On the other hand, most of the FM news bulletins, like broadsheet newspapers or state-owned AM radio, are covering the usual political stuff and working as local or community radio stations. Meetings of the parties, speeches of leaders, changes in party philosophy are taking covering time, not local problems or day-to-day affairs of the people.

Dhungel admits that though many of the stations have news bulletins, they do not give emphasis to local news.

“We also tried to cover local incidents and stories trough a programme ‘Tole Chhimeki” but we lack that kind of manpower and the local audience do not want to help us,” he said.

He also added that since the advertisers want wider coverage, they prefer national news or stations, which could be listened to in other cities as well.

“We cannot blame all but most FM stations are only escalating crave for news among the audience and serving the audience with half-baked or misleading information,” said Adhikari.

Nothing is clear — some owners had to sale parental properties as they incurred heavy losses running FM stations, and some persons, who brought almost nothing from their hometowns, are running stations which are now worth billions.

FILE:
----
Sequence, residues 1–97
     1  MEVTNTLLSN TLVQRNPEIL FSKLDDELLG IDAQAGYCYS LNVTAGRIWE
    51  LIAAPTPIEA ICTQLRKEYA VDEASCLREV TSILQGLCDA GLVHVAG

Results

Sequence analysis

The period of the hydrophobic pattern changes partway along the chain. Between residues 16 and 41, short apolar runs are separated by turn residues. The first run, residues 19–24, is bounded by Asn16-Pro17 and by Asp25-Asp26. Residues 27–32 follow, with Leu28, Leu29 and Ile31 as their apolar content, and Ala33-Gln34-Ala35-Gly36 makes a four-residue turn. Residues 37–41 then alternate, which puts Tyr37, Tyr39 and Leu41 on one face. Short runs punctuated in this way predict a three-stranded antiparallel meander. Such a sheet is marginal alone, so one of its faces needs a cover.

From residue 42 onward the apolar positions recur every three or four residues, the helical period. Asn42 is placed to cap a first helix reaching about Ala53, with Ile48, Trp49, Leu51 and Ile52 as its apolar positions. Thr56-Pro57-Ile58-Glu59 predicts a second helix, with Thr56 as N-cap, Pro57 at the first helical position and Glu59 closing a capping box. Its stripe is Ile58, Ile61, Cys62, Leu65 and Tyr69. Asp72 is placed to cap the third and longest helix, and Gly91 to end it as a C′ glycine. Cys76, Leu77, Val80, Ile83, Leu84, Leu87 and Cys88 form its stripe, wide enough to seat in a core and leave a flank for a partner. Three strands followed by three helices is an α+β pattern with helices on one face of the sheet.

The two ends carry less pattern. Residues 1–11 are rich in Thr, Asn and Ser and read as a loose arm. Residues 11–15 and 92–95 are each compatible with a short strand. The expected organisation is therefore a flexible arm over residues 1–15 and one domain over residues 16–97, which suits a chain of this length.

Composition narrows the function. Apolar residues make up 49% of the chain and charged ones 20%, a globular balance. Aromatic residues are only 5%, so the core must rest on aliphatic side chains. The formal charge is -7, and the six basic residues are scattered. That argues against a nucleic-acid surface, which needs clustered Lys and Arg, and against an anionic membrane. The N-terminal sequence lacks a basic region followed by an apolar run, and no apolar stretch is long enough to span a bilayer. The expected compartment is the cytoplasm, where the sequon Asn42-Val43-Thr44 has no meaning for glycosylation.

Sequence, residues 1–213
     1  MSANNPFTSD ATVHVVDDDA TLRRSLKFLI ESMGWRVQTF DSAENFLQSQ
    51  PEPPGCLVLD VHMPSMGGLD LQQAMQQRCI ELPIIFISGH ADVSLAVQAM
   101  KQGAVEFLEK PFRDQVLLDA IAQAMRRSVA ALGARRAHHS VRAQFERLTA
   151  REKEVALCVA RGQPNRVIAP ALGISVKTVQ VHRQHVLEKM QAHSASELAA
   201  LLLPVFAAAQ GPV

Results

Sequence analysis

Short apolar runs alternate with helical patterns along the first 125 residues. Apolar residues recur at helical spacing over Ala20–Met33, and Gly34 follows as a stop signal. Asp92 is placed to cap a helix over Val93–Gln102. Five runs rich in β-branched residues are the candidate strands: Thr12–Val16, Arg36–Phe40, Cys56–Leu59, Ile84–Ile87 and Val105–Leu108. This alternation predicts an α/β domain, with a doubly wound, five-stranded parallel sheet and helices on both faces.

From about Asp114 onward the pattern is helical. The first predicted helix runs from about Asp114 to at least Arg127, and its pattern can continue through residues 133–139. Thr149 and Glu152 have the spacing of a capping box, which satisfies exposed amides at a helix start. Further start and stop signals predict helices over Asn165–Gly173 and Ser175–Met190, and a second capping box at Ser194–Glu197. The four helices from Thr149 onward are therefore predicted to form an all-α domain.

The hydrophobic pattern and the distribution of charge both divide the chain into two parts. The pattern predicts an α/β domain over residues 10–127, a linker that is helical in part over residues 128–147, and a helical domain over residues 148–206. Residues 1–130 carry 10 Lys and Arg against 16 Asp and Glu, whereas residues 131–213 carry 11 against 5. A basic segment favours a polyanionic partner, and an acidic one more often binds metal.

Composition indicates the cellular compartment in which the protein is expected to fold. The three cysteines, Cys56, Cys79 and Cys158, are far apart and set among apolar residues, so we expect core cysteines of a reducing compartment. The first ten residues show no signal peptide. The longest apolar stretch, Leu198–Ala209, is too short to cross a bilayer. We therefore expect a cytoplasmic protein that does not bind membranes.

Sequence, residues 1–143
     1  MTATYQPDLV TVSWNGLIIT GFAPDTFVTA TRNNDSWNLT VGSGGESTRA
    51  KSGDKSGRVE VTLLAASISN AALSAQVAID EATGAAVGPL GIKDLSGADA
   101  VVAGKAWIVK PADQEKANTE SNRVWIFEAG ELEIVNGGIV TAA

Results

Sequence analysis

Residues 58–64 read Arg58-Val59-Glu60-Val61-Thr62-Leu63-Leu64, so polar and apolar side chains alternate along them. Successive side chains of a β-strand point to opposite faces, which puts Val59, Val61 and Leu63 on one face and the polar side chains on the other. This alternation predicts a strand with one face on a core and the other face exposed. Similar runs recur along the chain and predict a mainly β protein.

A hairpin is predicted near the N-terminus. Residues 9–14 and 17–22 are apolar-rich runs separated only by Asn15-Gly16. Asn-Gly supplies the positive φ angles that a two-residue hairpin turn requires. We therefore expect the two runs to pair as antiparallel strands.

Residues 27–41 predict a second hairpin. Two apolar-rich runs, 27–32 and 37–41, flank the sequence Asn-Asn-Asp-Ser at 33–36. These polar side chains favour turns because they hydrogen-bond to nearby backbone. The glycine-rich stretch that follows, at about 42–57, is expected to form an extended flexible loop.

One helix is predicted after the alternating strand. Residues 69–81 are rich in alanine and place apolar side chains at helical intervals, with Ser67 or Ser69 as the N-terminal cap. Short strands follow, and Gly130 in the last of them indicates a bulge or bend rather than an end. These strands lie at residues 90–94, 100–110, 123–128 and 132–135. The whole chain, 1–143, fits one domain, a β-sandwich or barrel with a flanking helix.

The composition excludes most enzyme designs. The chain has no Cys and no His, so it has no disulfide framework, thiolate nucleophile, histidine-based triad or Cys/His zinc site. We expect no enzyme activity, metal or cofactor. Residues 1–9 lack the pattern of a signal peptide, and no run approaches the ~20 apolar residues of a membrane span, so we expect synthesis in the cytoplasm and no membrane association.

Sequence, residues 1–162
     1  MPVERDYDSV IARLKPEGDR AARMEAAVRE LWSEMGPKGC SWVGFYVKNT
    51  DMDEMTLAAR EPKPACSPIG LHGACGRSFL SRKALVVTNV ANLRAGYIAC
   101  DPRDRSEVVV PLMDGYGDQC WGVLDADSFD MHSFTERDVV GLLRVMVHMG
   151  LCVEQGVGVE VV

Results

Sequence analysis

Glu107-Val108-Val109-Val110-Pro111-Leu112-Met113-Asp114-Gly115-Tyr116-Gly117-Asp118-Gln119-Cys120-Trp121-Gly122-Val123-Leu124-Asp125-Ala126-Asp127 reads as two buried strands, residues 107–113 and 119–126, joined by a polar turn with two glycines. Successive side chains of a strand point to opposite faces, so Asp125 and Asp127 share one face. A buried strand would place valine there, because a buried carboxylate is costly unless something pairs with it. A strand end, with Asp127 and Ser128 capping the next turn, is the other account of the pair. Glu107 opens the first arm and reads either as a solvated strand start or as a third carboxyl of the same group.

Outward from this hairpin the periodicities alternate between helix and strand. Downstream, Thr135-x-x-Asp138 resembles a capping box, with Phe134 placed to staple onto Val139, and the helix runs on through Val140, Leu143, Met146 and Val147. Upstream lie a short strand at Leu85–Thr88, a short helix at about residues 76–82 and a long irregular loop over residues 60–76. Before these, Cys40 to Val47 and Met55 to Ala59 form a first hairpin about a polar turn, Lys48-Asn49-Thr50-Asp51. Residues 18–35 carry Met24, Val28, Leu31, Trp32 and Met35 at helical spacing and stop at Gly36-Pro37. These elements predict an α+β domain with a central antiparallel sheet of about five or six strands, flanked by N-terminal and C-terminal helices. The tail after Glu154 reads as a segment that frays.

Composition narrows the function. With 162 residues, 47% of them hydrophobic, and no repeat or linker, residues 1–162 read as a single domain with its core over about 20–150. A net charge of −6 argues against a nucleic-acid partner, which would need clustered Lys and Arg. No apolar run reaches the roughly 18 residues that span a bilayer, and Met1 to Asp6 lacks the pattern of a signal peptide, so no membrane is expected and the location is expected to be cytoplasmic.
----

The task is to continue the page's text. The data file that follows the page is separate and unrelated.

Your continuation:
Businessmen, media persons, municipal organisations and political leaders are also seen in investing in FM stations.

“Some owners are even unseen and even foreigners could also be traced behind stations,” Adhikari said, adding, that it is suspicious that most of the stations have invested billions but they all do not own land and buildings.

An investor said that hardly any of the stations are sincere in terms of investments. “Some are bringing surplus profit of their other business and others are inviting unseen and dubious investors to run the stations. Many of them are surviving only because of their ego problems with one person or institution,” said he, adding that the problems in FM stations can be traced to the fact that stations are run by businessmen, not professionals.
[Kathmandu, 2007/12/06]